to do the above, i had to set up a DOS (yes! good old DOS) bootdisk with a NTFS driver on it so that i could read the NTFS format of the drive... once i was able to read the drive, i was able to use a 1991 copy of LIST.COM by Vernon D. Buerg to manually peruse the drive and locate the files i needed to pull off... once i knew where the files were, i fired up ZIP and let it go... it was very simple but without the "ancient knowledge", one would have lost everything on the drive. ZIP on the foobar machine pulled all those files and pushed them over a 9pin laplink serial cable to ZIP running on another machine under W98SE's DOS so that the FAT32 formatted hard drive could be accessed... the transfer ran at 115200bps (that's bits per second. roughly 11520 bytes per second) and took many hours to transfer the 400+MEGs of data over :o i couldn't use laplink due to the NTFS driver consuming too much of that 640k base memory that ole billie boy said would be enough for anyone ;) ZIP did its job in some 50k or so of memory whereas laplink wouldn't even load in less than 260k...
in this case, i didn't have to go as deep as i have had to in other cases in the past... i have had to go to the lowest layer of a disk with a hex editor (norton's diskedit for those of you oldtimers who remember those days) and manually recreate the partition table and the FAT (File Allocation Table) to access the data on the drive... in actuality, i didn't need to but things went much faster once i did because i was then able to use standard data recovery techniques after that... i remember one case where i recreated the partition table, rebooted the machine and collected my pay cause that's all that was messed up... that was a nice job, too... over $500 for about one hour of hard and detailed work... why so much? the slighest screw up could have lost everything with no hope of recovery ;)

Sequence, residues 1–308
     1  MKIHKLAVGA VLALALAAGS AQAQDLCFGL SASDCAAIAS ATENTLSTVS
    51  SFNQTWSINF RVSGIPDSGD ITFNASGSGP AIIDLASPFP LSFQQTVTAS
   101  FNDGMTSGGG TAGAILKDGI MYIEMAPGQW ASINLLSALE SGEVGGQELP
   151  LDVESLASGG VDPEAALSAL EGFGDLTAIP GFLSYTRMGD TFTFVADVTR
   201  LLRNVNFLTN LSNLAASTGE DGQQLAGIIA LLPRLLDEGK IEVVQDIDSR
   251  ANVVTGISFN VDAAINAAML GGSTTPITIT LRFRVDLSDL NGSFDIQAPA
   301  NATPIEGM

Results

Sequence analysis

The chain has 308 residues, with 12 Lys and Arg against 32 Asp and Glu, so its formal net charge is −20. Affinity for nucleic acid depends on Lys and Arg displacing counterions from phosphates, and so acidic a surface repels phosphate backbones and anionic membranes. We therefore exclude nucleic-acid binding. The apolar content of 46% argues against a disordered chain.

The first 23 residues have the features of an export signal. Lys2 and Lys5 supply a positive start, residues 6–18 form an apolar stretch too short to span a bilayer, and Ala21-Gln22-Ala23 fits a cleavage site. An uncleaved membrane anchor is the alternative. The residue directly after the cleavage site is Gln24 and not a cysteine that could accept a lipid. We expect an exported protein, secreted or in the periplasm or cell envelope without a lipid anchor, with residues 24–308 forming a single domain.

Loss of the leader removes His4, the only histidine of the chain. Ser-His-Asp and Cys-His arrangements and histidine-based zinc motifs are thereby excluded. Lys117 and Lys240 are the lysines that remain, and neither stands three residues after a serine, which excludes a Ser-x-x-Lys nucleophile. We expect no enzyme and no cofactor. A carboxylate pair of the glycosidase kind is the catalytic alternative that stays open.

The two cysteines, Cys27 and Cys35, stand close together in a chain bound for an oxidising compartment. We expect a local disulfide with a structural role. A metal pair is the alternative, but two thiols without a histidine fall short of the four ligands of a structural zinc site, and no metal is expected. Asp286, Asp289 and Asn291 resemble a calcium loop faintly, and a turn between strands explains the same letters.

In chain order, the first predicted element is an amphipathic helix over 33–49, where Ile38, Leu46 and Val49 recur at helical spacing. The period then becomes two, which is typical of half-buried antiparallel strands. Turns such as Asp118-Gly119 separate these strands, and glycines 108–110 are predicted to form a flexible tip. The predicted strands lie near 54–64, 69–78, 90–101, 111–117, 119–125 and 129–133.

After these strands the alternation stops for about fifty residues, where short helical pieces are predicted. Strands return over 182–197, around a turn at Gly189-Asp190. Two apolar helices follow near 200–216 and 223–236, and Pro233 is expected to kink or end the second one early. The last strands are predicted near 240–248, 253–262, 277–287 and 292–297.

the only way that i can see that they can truely disable your drive would also entail you loosing your data... that would be by writting zeros or something to the main sections of the drive like the partition table, the allocation tables, the mft and other areas where the pointers to the data are stored... but don't take my word for that... there's been recent news about the drive manufacturers also working with MS on this digital rights management stuff... its possible that they may be able to "lock" the access to the drive until some proper unlock code is presented... i dunno... that's some early, possibly wild, and somewhat educated guesswork there ;)